As many of you know, Carter was diagnosed with Nephrotic Syndrome- Minimal Change Disease in April of 2010.
What is Nephrotic Syndrome-
The kidneys are two bean-shaped organs found in the lower back. Each is about the size of a fist. They clean the blood by filtering out excess water and salt and waste products from food. Healthy kidneys keep protein in the blood, which helps the blood soak up water from tissues. But kidneys with damaged filters may leak protein into the urine. As a result, not enough protein is left in the blood to soak up the water. The water then moves from the blood into body tissues and causes swelling.
Minimal Change Disease
The condition most commonly associated with childhood nephrotic syndrome is minimal change disease. Doctors do not know what causes it. The condition is called minimal change disease because children with this form of the nephrotic syndrome have normal or nearly normal appearing kidney biopsies. If a child is diagnosed with minimal change disease, the doctor will probably prescribe prednisone, which belongs to a class of drugs called corticosteroids. Prednisone stops the movement of protein from the blood into the urine, but it does have side effects that the doctor will explain. Following the doctor's directions exactly is essential to protect the child's health. The doctor may also prescribe another type of drug called a diuretic, which reduces the swelling by helping the child urinate more frequently.
When protein is no longer present in the urine, the doctor will begin to reduce the dosage of prednisone. This process takes several weeks. Some children never get sick again, but most experience a relapse, developing swelling and protein in the urine again, usually following a viral illness. However, as long as the child continues to respond to prednisone and the urine becomes protein free, the child has an excellent long-term outlook without kidney damage.
Children who relapse frequently, or who seem to be dependent on prednisone or have side effects from it, may be given a second type of drug called a cytotoxic agent. The agents most frequently used are cyclophosphamide and chlorambucil. After reducing protein in the urine with prednisone, the doctor may prescribe the cyclophosphamide or chlorambucil for 8 to 12 weeks. Alternatively, cyclosporine, a drug also used in transplant patients, may be given. Treatment with cyclosporine frequently continues over an extended period.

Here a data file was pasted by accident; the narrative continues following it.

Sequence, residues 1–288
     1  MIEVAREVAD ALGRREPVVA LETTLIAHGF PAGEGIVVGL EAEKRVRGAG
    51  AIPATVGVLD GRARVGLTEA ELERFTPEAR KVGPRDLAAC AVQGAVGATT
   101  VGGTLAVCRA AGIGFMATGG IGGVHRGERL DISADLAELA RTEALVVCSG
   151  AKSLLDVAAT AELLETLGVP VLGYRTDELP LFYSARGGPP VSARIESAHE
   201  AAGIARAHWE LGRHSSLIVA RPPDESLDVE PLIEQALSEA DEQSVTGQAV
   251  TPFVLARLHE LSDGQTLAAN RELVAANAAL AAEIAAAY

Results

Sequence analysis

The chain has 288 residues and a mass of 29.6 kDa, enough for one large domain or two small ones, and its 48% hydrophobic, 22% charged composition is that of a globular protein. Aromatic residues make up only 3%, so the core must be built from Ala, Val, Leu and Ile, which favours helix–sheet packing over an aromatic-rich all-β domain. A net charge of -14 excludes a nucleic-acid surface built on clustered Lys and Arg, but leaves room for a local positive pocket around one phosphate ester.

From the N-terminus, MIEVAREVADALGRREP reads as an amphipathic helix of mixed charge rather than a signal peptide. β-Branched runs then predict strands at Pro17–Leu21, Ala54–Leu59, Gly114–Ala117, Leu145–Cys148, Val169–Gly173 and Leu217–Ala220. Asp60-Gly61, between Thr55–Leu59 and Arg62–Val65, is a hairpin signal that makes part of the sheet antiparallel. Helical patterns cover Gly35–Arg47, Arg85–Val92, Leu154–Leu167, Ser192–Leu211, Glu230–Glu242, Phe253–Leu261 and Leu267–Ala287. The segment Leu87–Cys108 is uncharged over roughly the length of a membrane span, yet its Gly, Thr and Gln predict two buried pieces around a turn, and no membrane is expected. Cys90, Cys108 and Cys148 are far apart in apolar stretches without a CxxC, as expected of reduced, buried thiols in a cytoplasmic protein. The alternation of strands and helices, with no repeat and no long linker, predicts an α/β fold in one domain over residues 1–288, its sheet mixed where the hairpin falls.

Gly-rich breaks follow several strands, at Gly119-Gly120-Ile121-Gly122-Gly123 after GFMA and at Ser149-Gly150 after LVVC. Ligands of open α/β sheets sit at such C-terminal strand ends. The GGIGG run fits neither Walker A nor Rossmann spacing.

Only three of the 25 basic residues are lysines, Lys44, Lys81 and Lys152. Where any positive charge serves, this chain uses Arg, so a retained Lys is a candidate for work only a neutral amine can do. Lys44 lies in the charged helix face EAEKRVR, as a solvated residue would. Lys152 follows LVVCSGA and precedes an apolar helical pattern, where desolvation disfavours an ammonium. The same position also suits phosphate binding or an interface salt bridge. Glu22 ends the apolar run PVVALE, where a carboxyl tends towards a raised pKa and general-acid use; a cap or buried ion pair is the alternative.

In recent years, doctors have explored the use of mycophenolate mofetil (MMF) instead of cytotoxic agents for children who relapse frequently. MMF is an immunosuppressant used to treat autoimmune diseases and to keep the body from rejecting a transplanted organ. MMF has not been tested for treating minimal change disease in large clinical trials, but doctors report promising results with small numbers of patients. MMF has milder side effects than cytotoxic agents, but taking immunosuppressants can raise the risk of infection and other diseases. The good news is that most children outgrow minimal change disease by their late teens with no permanent damage to their kidneys
Please join us by walking on October 6th at the AT&T Center, or donating to help to further kidney research. We hope to see you there!
Join us in Taking Action
Last year, the American Kidney Fund provided assistance to 1 out of every 5 dialysis patients in the United States. This year, we will be walking to raise money and awareness for those living with kidney disease. You can join me in the fight against kidney disease by supporting my personal fundraising efforts. Your contribution, whether it is $20 or $2,000, will help fund the programs that provide financial assistance to people living with kidney disease.
About Kidney Action Day
Kidney Action Day is full of family-friendly and kidney-healthy activities. The day will start out with a walk to emphasize the importance of exercising to keep your kidneys healthy. There will also be free cooking and exercise demonstrations, health screenings and entertainment!